Widower, 29, seeks S/DF. I'm losing my hair, I smoke non-filtered Camels by the carton, I prefer to spend most Sundays trashing the NFL, and lately no one has mistaken me for Mel Gibson. That much said, I had been a loving husband, I like babies and animals, I can hook up a DVD, and I rank fairly high on the food chain.
Justin looked over the Internet message he had typed onto his IBM's monitor, aware that self-deprecation tended to lose its charm once a woman sensed how well deserved it was. He really sucked at this, and one reading convinced him the ad reeked of defensiveness masked behind a strained attempt at cleverness. Worse, because of what it did not say the personal ad's content was not entirely honest.
He hit 'delete,' and started over.
Widower, 29, physically challenged, seeks S/DF. You don't have to be centerfold material or even attractive. You can be downright ugly. In fact, I prefer you to be ugly. I don't deserve anything better than a hag.
SHIT! PISS!! FUCK!!!
White hot rage seemed the only emotion Justin felt capable of any more, and the moment got away from him again. He felt tempted to send the rewritten message as it stood but managed to pull himself back. Launched into cyberspace, a personal ad this sick might attract the kind of woman who ate her young, but little else. Outbursts happened a lot with him lately, and the time had arrived for a reality check.
He hit 'delete' again, muttering while he ran his fingers through wispy strands of sandy hair. Pushing his wheelchair from the keyboard he reached for the photo album on the bookshelf. This daily ritual had become both self-defeating and painful, but he was a junkie addicted to memories of his past. Although his legs were as useless as pine logs, Justin's hands had developed a will of their own.
He flipped through the photo album again and focused on one of the hundreds of snapshots he had taken with Sheila during the three years of their life together. The photo showed Justin and his young wife on a windy Long Island beach two summers ago. With arms entwined around one another like the newlyweds they were, they seemed the quintessential yin and yang in swimsuits. She was everything he was not, the beauty to his beast, the classic argument for the attraction of opposites. Justin could never fully understand just what Sheila had seen in him, but whatever it was he felt certain it had died the same day she had.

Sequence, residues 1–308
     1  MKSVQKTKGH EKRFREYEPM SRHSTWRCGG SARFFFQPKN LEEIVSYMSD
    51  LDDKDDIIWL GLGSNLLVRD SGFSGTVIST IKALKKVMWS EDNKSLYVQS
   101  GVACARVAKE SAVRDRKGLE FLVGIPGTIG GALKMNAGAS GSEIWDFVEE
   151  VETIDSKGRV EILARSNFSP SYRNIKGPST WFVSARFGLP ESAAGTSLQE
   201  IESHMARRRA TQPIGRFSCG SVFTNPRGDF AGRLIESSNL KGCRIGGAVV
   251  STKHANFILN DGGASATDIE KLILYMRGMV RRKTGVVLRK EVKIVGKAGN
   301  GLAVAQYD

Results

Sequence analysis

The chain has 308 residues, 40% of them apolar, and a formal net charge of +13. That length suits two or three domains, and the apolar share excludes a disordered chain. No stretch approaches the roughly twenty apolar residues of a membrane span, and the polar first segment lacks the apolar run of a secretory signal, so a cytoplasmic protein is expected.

He studied the photo as if he held a Renoir in his hands. His young wife had been a knockout in that hot pink hint of a bikini she liked to wear. On that August afternoon he had been in such a feverish rush to make love to her that Sheila's bikini bottom remained wrapped around her ankles the whole time.
Justin closed his eyes, and for a brief moment Sheila was there. He could even smell the wild honey scent of her hair. If he reached out she might stand before him, wanting him the way she had during the warm August afternoon captured in the photograph.
As always another memory forced its way into his head, the unwanted and uninvited remembering that chewed into his reflections like a voracious rat whenever his thoughts turned to Sheila. The memory remained inside Justin's brain, a blood smeared freeze frame slowly churning itself into motion, exposing each torturous second of the last moments of Sheila's life.
...The present collides with the past. Headlights of the oncoming eighteen wheeler come at him in an ambush of white light as the Toyota enters the rain swept Hartford ramp of Interstate 95. Sheila turns to look at him. She is like a confused child, unable to comprehend the enormity of the macabre moment they have entered into together. Ten tons of diesel truck bear down on them, and the small Toyota spins wildly, slamming the guard rail. The door on the passenger side shreds off in grotesque slow motion, and she is torn from her car seat. Thrown from the vehicle Sheila seems suspended in midair like a tossed rag doll. Her body skids upon the medial rail that promptly severs her upper torso from her lower, scattering the sections of her dissected flesh and gashed bone fifty feet apart.
Ten tons of metal effectively slammed what remained of Sheila into her grave and made match wood of the bones inside Justin's legs.
Enter 'delete' and everything disappears. It was that simple.
Disabled Widower, 29, seeks anyone who can make the past disappear.